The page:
So it’s rather hilarious because I’m talking about technology and I have nothing to show you, and I’ve got a paper-based object here. This is a postcard that we’ve produce with our website on it. And if you grab those, if you haven’t grabbed one already, I would recommend that you go and have a look at the site, and that will make more sense.
The other question that we had, how can we use technology to model effective pedagogies, but also provide enough content to scaffold learning. I don’t know about you, but some of our sites, there is no captioning. Just think of a botanic gardens or an art gallery, dare I say, for teachers to come in and look at stuff, but there’s nothing around that. How can we provide enough content for them to know what they’re looking at, but not to bore them death with facts, but turn into an inquiry base. So that was another question that we had.
So we came up with using technology, but behind that technology, the technology was the answer when we finally got to that point. It wasn’t the immediate answer, let’s use technology. We wanted to have a provocative, which is good old-fashioned interpretation, the provocation, get people thinking.
That’s certainly what we wanted kids to do, and we’ve wanted teachers to do. We didn’t want teachers to be passengers. We wanted them to be actively engaged in the experience. Inquiry based, personalised, a learning approach that was designed to get students and teachers questioning and thinking.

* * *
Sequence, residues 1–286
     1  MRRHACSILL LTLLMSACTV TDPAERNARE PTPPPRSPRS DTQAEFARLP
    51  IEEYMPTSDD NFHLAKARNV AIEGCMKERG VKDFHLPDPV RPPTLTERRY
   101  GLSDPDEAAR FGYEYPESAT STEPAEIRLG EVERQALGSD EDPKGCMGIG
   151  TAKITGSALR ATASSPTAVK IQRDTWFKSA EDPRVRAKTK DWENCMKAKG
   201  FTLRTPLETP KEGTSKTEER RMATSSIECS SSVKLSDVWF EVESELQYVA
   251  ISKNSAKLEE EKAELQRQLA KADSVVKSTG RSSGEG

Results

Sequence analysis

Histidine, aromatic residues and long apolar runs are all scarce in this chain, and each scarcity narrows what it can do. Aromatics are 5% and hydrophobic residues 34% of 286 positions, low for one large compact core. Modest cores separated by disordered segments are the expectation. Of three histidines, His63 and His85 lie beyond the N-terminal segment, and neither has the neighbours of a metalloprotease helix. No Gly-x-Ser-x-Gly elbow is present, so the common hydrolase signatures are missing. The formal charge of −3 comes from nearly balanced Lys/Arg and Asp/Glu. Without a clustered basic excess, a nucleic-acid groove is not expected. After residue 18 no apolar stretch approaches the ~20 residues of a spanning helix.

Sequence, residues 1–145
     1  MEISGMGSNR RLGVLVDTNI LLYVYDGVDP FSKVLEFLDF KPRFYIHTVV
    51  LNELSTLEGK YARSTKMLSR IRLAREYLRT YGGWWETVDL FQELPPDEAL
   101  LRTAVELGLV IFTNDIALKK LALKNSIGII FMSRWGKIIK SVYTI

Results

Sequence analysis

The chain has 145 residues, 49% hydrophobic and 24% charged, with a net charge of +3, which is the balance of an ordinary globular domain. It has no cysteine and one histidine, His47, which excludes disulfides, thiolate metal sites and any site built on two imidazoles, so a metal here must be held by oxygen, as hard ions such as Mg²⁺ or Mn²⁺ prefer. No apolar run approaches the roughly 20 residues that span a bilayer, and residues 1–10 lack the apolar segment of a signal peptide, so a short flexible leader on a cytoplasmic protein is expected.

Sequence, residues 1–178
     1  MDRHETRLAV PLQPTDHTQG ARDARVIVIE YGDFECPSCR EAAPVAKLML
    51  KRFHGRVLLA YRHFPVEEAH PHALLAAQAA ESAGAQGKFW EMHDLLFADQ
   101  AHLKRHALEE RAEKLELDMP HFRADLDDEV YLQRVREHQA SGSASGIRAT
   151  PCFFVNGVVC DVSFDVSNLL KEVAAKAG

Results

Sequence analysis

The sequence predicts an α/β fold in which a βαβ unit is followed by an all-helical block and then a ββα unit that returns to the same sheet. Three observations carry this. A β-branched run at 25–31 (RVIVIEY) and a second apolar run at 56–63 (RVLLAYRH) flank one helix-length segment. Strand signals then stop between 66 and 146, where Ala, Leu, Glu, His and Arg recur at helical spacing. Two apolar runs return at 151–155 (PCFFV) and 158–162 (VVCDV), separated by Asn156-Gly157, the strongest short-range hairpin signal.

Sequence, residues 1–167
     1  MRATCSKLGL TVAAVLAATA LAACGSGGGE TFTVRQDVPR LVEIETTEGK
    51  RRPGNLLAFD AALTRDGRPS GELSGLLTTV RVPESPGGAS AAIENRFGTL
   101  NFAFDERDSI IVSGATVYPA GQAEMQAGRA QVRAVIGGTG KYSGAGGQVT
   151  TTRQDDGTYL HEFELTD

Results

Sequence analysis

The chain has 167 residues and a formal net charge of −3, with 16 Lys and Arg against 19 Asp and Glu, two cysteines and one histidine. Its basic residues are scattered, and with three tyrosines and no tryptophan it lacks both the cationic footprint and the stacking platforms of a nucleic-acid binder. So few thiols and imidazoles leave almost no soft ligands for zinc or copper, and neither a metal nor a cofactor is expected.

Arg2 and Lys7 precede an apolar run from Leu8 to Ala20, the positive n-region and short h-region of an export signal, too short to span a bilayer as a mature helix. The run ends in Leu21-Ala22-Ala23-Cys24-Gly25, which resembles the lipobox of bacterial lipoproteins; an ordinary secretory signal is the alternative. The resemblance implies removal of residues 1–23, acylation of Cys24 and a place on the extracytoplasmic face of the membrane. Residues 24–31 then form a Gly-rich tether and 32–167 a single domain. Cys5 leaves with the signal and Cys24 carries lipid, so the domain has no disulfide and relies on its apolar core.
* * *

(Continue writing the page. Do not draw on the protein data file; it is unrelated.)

So all that stuff around the social activity, the open-ended question, the stuff they take back to school to talk about afterwards, we didn’t want to give them the museum visit injection. That wasn’t the purpose of it. We wanted to bookend it into a learning situation, much bigger than the museum experience, even the at-school experience. We wanted them to go home and talk about it, to look up stuff themselves, to be inspired, to carry on.
We came up with two solutions in that. One was an app — It’s a trial format and it’s used in situ in the cultural organisations and that’s what Kerrie and Karen will be talking about tomorrow.
And the other solution was we’ve called it an inquiry table. It’s web based. If you go to this website, probably the best example of it is, it’s called the Curator’s Table, if you’ll have a look at that. But basically it contains primary and secondary sources and tools to interrogate those sources. And it’s built around a chronological timeline so people can orientate themselves.
But if you imagine, and the good thing is, we can do lots of little quick and dirty things around that. So we’ve got the template sorted, and the idea is that we just dump lots of different content in that and an inquiry question to explore.
Something we need help with. What’s happening in South Australia, which I’m sure is happening in other organisations, other education departments, the focus on pedagogy. We are consciously changing next year our client focus from students to teachers. And that was a question that was asked earlier. And using our collections and events to support teachers to build capacity in teaching and learning. And that raises lots of questions.
So I think some thought about who our clients are can start off all sorts of interesting conversations. Thank you.[APPLAUSE]